British Columbia

7 p.m. cheer hasn't stopped in this Vancouver neighbourhood — and won't any time soon

A group of neighbours in Vancouver haven't stopped cheering for health-care and essential workers and vow to keep at it until a COVID-19 vaccine is ready.

Group of East Vancouver neighbours vow to gather each night with noisemakers until a COVID-19 vaccine is ready

A group of neighbours in East Vancouver continue to cheer for health-care and essential workers each night at 7 p.m. They are vowing to cheer each night until a vaccine is available for COVID-19. (Kevin Li/CBC)

A group of neighbours in Vancouver haven't stopped cheering for health-care and essential workers and vow to keep at it until a COVID-19 vaccine is ready.

Christina Braybrooke, who lives near Main Street and 41st Avenue, says a core group of about 15 people are resolute in keeping the cheer going.

"The hospital workers and essential workers don't get to stop," she said. "We're here to support them as long as they're continuing, we'll be here for them."

Many municipalities in B.C. began a nightly cheer at 7 p.m. in March, copying what was being done in other cities around the world to thank workers on the frontline of the global pandemic which to date has killed more than one million people.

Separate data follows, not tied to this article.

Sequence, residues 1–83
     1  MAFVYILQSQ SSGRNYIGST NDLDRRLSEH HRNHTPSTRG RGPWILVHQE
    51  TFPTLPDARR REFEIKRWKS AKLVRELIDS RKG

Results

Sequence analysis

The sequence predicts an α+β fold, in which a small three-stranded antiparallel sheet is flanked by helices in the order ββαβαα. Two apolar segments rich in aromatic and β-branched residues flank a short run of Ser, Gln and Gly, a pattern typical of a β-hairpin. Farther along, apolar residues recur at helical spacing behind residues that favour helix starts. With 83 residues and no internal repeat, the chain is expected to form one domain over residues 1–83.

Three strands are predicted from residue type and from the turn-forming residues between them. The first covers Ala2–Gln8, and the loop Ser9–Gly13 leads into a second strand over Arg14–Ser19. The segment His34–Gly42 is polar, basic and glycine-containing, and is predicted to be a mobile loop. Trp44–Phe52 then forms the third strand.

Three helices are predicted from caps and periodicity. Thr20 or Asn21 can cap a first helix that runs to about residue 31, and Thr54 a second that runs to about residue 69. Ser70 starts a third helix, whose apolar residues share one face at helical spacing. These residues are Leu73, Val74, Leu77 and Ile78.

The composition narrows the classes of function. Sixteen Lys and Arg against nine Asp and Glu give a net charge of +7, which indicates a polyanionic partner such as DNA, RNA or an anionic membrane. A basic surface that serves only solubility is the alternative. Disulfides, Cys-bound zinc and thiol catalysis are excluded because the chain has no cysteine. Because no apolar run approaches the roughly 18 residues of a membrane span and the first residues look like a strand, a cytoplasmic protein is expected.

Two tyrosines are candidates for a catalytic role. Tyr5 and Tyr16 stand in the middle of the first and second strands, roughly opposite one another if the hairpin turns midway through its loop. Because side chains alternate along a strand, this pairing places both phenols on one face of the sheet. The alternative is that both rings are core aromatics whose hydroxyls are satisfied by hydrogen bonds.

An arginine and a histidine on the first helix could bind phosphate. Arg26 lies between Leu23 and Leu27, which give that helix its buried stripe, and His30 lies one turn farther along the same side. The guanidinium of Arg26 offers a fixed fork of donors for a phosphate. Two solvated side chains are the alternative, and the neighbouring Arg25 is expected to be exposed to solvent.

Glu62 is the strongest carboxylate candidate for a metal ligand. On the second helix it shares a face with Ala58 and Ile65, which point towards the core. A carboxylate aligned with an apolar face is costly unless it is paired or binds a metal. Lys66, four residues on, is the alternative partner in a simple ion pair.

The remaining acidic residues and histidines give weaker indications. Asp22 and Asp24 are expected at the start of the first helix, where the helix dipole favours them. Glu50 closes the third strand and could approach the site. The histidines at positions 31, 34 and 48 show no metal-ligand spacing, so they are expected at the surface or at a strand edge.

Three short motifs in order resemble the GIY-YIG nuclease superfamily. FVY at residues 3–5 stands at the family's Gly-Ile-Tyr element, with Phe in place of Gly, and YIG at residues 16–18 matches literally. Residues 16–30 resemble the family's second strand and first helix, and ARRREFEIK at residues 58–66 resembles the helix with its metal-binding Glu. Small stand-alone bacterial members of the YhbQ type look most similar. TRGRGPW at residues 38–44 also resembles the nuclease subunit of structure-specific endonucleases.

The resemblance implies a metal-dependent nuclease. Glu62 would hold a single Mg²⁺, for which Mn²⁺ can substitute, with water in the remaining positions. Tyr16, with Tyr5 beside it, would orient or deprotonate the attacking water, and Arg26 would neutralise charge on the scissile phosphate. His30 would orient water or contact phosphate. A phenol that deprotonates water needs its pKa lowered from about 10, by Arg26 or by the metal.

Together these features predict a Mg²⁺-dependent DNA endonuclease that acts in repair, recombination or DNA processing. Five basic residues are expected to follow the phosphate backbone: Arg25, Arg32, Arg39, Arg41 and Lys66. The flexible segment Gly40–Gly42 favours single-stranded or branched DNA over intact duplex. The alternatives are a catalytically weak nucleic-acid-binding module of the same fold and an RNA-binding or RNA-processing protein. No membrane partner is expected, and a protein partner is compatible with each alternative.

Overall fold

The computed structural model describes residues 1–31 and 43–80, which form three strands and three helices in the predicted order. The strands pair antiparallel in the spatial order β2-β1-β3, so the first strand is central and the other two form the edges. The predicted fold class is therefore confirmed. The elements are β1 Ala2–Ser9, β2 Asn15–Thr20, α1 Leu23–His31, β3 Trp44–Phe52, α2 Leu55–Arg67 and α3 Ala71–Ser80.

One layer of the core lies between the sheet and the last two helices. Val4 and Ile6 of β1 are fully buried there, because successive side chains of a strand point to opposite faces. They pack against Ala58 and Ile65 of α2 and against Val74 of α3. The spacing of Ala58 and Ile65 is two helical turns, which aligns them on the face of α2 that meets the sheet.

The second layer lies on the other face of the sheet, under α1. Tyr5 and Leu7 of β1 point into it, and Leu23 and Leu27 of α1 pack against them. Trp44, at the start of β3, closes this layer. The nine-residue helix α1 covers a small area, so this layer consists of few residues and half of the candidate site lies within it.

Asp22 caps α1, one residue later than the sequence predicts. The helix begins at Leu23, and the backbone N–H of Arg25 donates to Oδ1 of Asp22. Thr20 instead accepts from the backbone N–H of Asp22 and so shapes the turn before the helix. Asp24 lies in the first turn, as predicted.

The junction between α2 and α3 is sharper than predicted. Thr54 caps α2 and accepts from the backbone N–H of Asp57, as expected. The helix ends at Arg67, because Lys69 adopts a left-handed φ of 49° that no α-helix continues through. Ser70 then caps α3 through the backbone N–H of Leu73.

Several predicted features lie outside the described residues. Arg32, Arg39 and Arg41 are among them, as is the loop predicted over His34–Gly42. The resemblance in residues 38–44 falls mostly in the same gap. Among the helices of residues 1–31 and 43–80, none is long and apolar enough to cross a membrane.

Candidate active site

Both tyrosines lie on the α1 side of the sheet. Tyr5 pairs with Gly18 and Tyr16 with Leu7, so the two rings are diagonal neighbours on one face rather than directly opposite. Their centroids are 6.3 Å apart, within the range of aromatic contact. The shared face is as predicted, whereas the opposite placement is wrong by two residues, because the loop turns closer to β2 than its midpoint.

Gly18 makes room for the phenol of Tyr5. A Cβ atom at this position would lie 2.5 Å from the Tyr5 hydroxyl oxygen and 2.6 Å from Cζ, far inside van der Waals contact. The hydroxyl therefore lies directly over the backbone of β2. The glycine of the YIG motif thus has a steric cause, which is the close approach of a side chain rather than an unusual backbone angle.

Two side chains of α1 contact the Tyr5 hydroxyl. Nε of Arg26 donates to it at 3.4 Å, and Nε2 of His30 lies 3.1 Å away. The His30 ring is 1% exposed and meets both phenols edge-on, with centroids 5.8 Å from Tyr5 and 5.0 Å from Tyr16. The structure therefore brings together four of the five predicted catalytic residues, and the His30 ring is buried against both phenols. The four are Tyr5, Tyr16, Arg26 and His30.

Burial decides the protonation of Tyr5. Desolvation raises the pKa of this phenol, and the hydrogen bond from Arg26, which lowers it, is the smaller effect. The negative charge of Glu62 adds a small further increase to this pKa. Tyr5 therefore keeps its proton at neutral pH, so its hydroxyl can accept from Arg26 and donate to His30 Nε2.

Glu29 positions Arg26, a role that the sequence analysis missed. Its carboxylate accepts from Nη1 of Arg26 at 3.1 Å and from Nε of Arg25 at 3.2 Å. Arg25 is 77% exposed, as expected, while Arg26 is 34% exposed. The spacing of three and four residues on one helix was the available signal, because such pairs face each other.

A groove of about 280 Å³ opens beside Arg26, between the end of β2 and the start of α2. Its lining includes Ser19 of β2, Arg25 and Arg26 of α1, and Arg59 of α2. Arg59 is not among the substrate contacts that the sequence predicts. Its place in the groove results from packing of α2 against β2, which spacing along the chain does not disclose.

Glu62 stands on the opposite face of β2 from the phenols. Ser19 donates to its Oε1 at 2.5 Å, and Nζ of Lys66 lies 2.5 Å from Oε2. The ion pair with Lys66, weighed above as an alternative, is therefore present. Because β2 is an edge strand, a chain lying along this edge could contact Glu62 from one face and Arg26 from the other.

The cheer has people standing outside on sidewalks, yards or balconies, banging on pots and pans, even playing musical instruments.

In the summer and into the fall, cheering began to wane in B.C. as daily case numbers ebbed. Braybrooke admits that earlier sunsets and colder weather is also turning down the noise for some, but not for her and her neighbours.

"Interest has waned a little bit," she said about other parts of the city.

"We've all gotten tired and the weather has gotten worse and we just wanted to show that we're here until the end."

Neighbours in East Vancouver vow to cheer until the end of the pandemic


1 month agoVideo
A group of about 15 people in Vancouver have been cheering for frontline workers since March 2020. The nightly gatherings are fostering community spirit, they say, along with saying thank you. 0:21

Braybrooke said that the nights of gathering and making noise for months has brought the neighbourhood closer together.

The group share hope each night by giving each other physically distanced greetings, having bring-your-own-meal dinner parties and hot drinks.

Braybrooke said that the group didn't actually know each other all that well at the beginning, but that has changed.

They now celebrate birthdays and other life events at the cheer sessions along with thanking pandemic frontline workers.

"Together our group has kept each other hopeful, shared our concerns, and comforted others," said Braybrook.

With files from Meera Bains and Kevin Li.


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